FOOTBALL fans who are fighting to scrap an archaic law that has forced clubs to abandon their crests have been left in limbo as heraldic rules become mired in confusion.

More than 20 clubs may fall foul of ancient laws governing heraldry, which date back to 1592, if their badges include traditional elements such as shields, lions, thistles or saltires.

Airdrieonians have already been forced to ditch their historic badge after a complaint was made to the Court of the Lord Lyon, which enforces the rules, by a fan of a rival club.

Ayr United have been granted special dispensation to continue using their crest until June 2017, although they will be forced to adopt a new badge from the 2017/18 season.

Glasgow Times:

Other clubs that could be affected by the rules and be forced to change their badges are thought to include Dundee, St Johnstone, Hamilton Accies and East Fife.

St Mirren and Kilmarnock were both forced to alter their badges in the 1990s after being found in breach of the Lord Lyon rules.

Framing a badge within a shield could be enough to break the rules, while crowns, the Lion Rampant, castle turret designs and the use of letters are also frowned upon. The Lord Lyon has his own procurator fiscal, but will generally take action only if a complaint is received.

While many schools, rugby and gold clubs may breach heraldry rules, football clubs have found themselves particularly vulnerable to action as rival fans are more liable to raise the issue.

Glasgow Times:

Airdrieonians Supporters Trust fought to resist the enforced change of their badge but the campaign was abandoned after it was decided there was little hope of persuading Westminster to change the law.

Solicitor Colin Telford, who is a member of the Trust, explained that the Lord Lyon is a part of the Royal household and the underlying law reserved to Westminster but his judicial role is devolved.

“The decision to prosecute is taken by the Lord Lyon’s Procurator Fiscal,” he said. “That role is fulfilled by one man in Aberdeen who is firmly of the view that it is in the public interest to prosecute football clubs who are using “unregistered arms”.

“This will continue to affect other clubs, it’s happening with Ayr United and it only takes one letter from a rival fan to see another 20 or so clubs being forced to change or alter their badge.”

Corri Wilson, the SNP MP for Ayr, Carrick and Cumnock, has raised the issue at Westminster, asking the Cabinet Office whether it would review the operation of the 1592 Act in respect of the restrictions it placed on the “granting of arms”. Scottish Conservatives’ leader Ruth Davidson has also raised the issue with London.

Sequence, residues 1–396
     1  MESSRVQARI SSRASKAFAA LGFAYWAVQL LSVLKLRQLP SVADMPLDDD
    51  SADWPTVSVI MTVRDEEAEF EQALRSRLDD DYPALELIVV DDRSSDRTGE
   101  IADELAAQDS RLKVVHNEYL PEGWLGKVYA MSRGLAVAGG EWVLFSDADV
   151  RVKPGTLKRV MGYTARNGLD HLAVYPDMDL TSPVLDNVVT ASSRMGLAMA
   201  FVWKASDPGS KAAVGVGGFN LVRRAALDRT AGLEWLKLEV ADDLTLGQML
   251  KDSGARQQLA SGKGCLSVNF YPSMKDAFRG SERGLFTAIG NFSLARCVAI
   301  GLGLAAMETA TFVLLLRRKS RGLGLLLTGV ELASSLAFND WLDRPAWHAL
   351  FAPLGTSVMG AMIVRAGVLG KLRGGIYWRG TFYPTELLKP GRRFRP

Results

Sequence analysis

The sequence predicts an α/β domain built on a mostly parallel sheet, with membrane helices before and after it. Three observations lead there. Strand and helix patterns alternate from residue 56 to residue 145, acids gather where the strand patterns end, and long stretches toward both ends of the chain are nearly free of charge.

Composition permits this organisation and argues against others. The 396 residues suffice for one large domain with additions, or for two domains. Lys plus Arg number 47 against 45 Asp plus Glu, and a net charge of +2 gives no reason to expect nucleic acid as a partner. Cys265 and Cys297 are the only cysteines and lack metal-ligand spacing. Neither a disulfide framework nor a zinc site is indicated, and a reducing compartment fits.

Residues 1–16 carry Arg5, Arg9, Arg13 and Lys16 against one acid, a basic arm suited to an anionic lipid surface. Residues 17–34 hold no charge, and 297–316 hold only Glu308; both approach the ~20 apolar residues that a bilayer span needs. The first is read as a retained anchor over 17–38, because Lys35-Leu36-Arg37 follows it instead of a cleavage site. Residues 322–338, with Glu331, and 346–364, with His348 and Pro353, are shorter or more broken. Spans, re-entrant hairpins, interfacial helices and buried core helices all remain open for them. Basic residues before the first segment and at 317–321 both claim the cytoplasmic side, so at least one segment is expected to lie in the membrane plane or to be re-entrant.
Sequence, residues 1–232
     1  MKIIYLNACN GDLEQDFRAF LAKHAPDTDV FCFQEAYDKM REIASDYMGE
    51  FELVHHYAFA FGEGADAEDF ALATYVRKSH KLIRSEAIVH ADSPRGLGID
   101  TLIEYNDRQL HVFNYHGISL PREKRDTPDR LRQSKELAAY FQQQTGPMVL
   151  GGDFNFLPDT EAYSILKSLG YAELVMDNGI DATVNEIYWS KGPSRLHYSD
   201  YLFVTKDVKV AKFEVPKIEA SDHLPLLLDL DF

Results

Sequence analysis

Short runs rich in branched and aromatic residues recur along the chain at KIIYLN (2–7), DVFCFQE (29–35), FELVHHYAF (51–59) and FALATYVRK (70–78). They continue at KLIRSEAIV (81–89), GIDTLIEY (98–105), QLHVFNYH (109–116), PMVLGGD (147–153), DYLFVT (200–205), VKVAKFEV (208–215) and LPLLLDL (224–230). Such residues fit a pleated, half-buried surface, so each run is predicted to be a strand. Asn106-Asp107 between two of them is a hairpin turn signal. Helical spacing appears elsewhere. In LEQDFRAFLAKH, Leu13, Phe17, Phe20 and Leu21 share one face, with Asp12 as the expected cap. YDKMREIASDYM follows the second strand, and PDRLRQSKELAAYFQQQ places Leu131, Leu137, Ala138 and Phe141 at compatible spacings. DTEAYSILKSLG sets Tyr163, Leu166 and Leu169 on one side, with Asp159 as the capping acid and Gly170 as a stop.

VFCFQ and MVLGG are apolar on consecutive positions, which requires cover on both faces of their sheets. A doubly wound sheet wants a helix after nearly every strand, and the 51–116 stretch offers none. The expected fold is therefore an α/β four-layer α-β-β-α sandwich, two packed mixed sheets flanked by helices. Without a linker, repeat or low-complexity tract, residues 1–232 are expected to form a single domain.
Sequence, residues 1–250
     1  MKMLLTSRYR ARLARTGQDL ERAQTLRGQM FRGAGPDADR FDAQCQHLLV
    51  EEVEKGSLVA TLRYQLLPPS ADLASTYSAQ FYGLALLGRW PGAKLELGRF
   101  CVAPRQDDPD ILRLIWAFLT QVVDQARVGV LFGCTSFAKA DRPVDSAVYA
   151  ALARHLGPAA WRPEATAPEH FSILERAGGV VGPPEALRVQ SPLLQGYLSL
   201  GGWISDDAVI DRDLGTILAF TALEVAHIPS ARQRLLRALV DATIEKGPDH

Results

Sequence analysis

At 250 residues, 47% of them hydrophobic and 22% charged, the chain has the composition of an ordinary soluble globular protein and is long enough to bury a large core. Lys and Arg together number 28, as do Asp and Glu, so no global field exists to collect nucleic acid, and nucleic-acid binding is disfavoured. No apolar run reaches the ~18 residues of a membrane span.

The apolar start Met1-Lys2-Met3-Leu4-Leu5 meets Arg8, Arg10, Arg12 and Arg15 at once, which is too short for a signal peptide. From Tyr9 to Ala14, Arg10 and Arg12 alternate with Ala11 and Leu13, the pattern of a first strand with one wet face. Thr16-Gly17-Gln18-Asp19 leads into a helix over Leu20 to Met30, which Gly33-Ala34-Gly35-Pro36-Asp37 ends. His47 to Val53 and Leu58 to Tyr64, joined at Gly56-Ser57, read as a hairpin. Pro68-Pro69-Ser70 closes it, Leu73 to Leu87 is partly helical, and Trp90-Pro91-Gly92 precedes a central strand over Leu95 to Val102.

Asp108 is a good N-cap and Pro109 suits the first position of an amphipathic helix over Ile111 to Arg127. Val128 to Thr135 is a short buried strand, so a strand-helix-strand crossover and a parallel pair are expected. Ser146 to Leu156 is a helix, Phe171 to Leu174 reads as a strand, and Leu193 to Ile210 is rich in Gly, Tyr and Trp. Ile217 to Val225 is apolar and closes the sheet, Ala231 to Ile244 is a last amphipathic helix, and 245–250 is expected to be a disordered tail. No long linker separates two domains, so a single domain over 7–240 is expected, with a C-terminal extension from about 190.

However, Minister for Constitutional Reform John Penrose said any questions of “judicial functions” were devolved to Holyrood.

But the Scottish Government claimed that while functions of the Lord Lyon in his judicial capacity were devolved, his role in relation to the granting of arms, including the registration of football club crests, was not.

Ms Wilson said she was frustrated the issue had been palmed off, leaving football clubs in “the middle with the prospect of huge financial implications”.

She said: “It’s disappointing this issue continues to be passed from pillar to post. If the football badge was granted then there would be no need for any judicial involvement.

I will continue to pursue this matter.”

Previous attempts to petition Holyrood have been rejected on the grounds that the issue is reserved at Westminster.

A spokesman for the Lyon Office said that heraldry had been used in Scotland since the 12th century as a means of identification, with a coat of arms having a similar function to a trade mark. 

He added: "The Register was established in 1672 and records all arms lawfully owned since that date; as such it is a significant cultural treasure recording the rich history of Scotland and the people of Scotland. This necessity of recording arms in the Public Register has ensured that Scottish heraldry is regarded internationally as among the best in the world.

"In modern times heraldic authorities have looked to the Lyon Office as being the best model upon which to base their own rules. Nowadays any Scottish individual or organisation is free to petition the Lord Lyon for a grant of arms and grants are regularly made to people and groups from the broad spectrum of Scottish life; the registration of these arms makes it possible for anyone in Scotland to know who owns which coat of arms by a simple enquiry at the Lyon Office."